The Commission looking into proposed changes to federal ridings — which would include adding a new one to the Southern Interior — has made further changes to that proposed new riding, which would include Ashcroft, Cache Creek, and Clinton, and would split the City of Kamloops between two separate ridings.
A report released on Feb. 8 by the Federal Electoral Boundaries Commission outlines the recommended changes to B.C.’s federal ridings, which include increasing the number from 42 to 43. The three B.C. commissioners — Madam Justice Mary Saunders (chair), Dr. R. Kenneth Carty, and Mr. Stewart Ladyman — spent several months holding public hearings throughout B.C., in-person and virtually, which were attended by nearly 500 people and contained more than 200 presentations from interested parties. They also received and read nearly 1,000 written submissions.
At the public hearing in Kamloops on June 16, 2022, Saunders noted that boundary reviews are carried out across the country every 10 years, in order to ensure that population distribution is as equitable as possible. She added that based on the 2021 Census of Canada results, an additional riding was being added to B.C., and that after reviewing the numbers, the decision was made to add it to the Southern Interior.
The proposed new riding was to be called Kamloops-Thompson-Lytton, and included Lytton, Lillooet, Ashcroft, and Cache Creek (currently part of the Mission-Matsqui-Fraser Canyon riding); Clinton, Barriere, and Clearwater (currently in Kamloops-Thompson-Cariboo); Logan Lake (currently in Okanagan-Similkameen-Merritt); and the western portion of the City of Kamloops.
That new riding has now been changed to include Merritt (currently in Okanagan-Similkameen-Merritt), and has been renamed Kamloops-Thompson-Nicola. The northeastern boundary stops short of 100 Mile House, which will now be part of the Cariboo-Prince George riding; it is currently part of Kamloops-Thompson-Cariboo.
More significantly, while the City of Kamloops is still to be split between two ridings — Kamloops-Thompson-Nicola and Kamloops-Shuswap-Central Rockies — the boundary now runs through the heart of downtown Kamloops, rather than skirting the eastern edge. The new division means that areas to the west of 6th Avenue, the Tk’emlups Reserve, and North Kamloops will be in Kamloops-Thompson-Nicola, while most areas of Kamloops to the east of 6th Avenue will be in Kamloops-Shuswap-Central Rockies, which extends to the B.C./Alberta border.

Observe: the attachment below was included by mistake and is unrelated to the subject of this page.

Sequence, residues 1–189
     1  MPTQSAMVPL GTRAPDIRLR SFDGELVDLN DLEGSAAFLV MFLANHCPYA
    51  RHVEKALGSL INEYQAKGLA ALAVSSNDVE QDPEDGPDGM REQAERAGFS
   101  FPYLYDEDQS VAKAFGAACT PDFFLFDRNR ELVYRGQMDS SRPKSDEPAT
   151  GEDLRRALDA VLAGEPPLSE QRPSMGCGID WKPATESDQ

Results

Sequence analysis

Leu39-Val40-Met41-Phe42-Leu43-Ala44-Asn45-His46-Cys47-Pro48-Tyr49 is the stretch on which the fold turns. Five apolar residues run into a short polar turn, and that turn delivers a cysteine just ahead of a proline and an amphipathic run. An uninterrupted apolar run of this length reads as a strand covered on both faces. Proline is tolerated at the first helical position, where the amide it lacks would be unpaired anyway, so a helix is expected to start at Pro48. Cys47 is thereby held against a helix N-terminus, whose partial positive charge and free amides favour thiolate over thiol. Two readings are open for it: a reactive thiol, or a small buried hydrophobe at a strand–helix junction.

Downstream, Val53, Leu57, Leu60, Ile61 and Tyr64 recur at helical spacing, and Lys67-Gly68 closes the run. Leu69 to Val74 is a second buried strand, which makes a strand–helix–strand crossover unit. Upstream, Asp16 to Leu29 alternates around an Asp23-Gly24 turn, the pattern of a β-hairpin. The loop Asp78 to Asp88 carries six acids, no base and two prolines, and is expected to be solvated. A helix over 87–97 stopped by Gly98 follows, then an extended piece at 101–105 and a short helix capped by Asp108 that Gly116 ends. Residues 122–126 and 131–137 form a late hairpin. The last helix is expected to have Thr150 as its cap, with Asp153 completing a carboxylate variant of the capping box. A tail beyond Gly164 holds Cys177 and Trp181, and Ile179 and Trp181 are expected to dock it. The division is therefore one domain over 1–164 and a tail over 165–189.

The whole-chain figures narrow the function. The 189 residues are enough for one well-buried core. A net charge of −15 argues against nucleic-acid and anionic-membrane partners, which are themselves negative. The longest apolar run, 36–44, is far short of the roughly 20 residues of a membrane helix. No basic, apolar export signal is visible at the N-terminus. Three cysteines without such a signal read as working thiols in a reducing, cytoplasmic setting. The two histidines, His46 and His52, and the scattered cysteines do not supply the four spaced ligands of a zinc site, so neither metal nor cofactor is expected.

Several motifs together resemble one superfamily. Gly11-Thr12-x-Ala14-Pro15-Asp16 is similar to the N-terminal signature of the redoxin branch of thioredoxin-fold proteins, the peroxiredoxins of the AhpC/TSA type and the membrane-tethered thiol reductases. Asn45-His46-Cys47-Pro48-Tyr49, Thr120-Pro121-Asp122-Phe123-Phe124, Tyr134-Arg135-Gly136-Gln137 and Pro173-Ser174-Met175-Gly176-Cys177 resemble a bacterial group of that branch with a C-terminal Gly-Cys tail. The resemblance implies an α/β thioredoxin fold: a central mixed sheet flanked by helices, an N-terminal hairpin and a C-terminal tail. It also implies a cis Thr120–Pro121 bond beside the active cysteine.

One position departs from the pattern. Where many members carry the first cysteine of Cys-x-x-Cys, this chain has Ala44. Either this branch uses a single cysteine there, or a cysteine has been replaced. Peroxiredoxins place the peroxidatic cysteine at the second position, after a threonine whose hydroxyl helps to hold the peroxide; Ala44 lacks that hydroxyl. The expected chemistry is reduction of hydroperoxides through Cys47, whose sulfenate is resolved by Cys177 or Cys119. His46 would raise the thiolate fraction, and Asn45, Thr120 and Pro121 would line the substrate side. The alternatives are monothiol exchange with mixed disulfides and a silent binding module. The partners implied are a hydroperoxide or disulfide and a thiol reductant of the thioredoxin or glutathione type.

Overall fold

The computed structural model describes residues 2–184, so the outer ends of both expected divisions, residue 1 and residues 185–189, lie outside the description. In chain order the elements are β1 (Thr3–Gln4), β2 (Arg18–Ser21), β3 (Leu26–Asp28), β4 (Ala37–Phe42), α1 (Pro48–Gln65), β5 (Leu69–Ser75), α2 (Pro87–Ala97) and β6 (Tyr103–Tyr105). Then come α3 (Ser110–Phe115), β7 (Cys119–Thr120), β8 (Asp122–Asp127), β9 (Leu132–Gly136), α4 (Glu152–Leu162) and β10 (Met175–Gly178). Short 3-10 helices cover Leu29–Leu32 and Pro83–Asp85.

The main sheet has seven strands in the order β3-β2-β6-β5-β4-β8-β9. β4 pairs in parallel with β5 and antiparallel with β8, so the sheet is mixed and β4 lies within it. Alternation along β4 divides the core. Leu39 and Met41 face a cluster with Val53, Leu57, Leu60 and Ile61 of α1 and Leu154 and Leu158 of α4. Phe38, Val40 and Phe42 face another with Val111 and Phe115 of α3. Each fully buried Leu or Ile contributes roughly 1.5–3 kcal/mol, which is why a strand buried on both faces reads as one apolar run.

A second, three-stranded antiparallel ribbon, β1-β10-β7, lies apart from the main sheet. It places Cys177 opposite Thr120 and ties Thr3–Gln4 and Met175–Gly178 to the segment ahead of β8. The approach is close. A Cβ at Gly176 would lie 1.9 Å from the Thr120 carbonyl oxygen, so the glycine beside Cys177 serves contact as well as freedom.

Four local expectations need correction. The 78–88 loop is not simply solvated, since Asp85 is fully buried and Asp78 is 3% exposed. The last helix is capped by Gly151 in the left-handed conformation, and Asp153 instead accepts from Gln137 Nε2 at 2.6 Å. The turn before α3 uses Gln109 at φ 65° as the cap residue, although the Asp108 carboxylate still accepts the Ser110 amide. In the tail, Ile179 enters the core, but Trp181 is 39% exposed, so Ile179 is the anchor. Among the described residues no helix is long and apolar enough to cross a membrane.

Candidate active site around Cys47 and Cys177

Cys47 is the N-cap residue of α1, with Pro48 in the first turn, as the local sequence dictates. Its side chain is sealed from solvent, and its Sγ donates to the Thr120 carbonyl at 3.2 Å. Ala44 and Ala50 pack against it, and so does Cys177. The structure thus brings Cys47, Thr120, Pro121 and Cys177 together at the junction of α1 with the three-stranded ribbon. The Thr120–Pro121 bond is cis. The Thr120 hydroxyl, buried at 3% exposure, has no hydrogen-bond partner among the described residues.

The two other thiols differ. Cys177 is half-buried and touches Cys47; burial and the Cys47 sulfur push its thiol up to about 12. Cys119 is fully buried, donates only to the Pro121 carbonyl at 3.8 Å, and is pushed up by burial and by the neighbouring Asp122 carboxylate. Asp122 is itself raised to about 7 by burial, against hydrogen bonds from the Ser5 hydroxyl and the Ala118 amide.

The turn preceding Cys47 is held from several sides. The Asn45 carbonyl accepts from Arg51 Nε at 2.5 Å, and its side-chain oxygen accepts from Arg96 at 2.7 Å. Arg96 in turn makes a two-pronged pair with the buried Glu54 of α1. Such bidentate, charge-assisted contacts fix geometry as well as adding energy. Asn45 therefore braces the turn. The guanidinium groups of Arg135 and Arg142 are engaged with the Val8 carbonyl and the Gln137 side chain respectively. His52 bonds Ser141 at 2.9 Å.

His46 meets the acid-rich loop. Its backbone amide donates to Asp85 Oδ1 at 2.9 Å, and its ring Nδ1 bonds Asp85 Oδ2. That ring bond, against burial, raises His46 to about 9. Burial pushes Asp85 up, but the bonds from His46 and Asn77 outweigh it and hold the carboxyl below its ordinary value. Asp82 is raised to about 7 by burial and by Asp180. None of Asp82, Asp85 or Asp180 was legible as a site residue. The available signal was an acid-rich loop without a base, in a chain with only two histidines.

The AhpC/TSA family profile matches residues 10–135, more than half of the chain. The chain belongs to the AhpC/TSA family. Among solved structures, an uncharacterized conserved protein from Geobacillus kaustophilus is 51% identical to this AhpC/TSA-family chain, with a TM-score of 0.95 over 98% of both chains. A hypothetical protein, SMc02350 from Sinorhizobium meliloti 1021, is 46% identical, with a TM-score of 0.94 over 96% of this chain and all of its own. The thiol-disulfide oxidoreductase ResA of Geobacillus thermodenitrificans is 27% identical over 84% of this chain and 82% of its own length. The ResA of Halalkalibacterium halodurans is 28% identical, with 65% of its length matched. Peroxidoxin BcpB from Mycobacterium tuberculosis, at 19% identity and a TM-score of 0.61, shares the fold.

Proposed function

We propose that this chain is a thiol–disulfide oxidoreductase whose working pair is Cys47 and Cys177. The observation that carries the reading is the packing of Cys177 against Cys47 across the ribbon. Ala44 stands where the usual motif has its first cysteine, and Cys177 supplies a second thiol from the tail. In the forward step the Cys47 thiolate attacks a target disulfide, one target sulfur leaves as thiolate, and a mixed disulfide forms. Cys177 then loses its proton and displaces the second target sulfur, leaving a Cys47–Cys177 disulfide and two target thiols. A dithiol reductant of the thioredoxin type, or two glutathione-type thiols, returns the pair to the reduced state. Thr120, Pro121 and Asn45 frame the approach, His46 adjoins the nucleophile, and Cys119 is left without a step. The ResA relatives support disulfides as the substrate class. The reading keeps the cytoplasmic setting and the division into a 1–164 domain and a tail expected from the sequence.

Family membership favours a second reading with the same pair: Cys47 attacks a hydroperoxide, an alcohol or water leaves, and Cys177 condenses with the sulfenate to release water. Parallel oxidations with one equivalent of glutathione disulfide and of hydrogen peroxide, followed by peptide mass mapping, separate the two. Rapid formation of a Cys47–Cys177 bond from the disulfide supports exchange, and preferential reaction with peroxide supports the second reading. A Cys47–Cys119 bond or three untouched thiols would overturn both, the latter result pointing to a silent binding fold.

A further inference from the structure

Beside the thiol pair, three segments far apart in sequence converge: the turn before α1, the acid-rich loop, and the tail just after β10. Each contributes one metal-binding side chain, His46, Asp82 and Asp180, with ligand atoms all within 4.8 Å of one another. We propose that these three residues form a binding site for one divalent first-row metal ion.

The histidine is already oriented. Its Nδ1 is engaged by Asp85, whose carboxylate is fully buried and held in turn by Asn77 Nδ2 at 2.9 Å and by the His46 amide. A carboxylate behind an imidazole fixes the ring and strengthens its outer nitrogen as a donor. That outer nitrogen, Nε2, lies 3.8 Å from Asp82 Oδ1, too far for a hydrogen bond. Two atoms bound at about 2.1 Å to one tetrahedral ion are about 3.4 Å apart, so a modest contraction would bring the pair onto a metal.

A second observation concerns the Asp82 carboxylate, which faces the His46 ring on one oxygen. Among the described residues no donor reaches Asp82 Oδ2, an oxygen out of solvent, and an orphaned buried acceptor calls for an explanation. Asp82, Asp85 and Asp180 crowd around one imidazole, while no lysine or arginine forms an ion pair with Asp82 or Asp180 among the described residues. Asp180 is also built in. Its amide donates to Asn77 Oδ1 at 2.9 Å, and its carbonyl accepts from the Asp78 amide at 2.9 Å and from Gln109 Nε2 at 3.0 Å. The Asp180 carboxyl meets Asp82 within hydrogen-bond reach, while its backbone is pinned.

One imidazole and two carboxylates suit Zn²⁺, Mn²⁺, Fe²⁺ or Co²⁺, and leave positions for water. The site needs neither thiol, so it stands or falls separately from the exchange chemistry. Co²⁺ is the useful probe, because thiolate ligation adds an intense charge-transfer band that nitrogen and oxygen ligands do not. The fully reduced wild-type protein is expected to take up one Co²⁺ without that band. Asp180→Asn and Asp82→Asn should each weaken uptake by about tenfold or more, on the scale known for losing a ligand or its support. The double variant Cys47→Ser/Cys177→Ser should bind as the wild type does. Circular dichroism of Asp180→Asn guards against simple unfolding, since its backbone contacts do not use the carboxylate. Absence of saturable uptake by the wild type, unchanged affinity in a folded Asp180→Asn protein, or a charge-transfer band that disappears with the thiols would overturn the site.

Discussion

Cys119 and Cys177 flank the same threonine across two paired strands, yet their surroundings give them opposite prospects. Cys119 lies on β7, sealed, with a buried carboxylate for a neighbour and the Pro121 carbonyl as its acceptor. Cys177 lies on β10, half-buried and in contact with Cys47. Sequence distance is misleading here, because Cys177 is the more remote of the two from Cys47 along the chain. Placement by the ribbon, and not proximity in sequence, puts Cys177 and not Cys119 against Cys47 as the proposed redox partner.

“The most challenging area for reconfiguration in the Southern Interior is the City of Kamloops and its large trading and service area,” says the report. “The population in that circle significantly exceeds the province’s electoral quota, but falls short of the population that would support two electoral districts.
“The Commission concluded that this divergence from quota needs to be addressed and that the population of the City must be spread into two electoral districts, with each part joining an extended community of smaller populations… Submissions resisted this division and strongly advocated to keep Kamloops whole.
“The Commission carefully re-examined the data and maps, conscious of these submissions, seeking to identify a better viable alternative. The Commission ultimately concluded that dividing Kamloops across two electoral districts is the most appropriate response to the large deviation from quota of the present electoral district.”
The Commission report issued on Feb. 8 states that one of the two issues that figured most prominently in public commissions was whether a municipality as a whole should be situated within an electoral district. The report also notes that “maintaining historical patterns of association” within an electoral riding was one of the driving factors behind changes made to the ridings between last year’s public hearings and the new boundaries.
Other factors driving the changes included minimizing the division of municipalities and neighbourhoods and promoting greater access within an electoral district.
“The Commission believes that the result described in this Report is an electoral map for British Columbia that provides for effective representation for each of the 43 electoral districts,” states the report.
“The lively public input that [the Commission] received has been of great value to its work. The public collaboration at public hearings increased the Commission’s understanding of local considerations far beyond the text of the submissions. The Commission is appreciative of the participants who devoted their thought and energy to this process of Canadian democracy, and expresses its gratitude for their engagement.”
The report has now been submitted to Members of Parliament for their feedback and objections, which must be provided by May 2023; the Commission will consider these submissions in May and June. The new federal electoral districts will then be described in a Representation Order, which is expected to be proclaimed in September 2023.
The new boundaries will come into force on the day parliament is dissolved for the first general election taking place at least seven months after the new representation is proclaimed; that election is currently scheduled to take place in October 2025. The new boundaries will take the number of federal ridings in Canada to 342, up from the current 338.
To read the report and see all the changes to B.C.’s federal ridings, go to http://bit.ly/3YJQ8fB.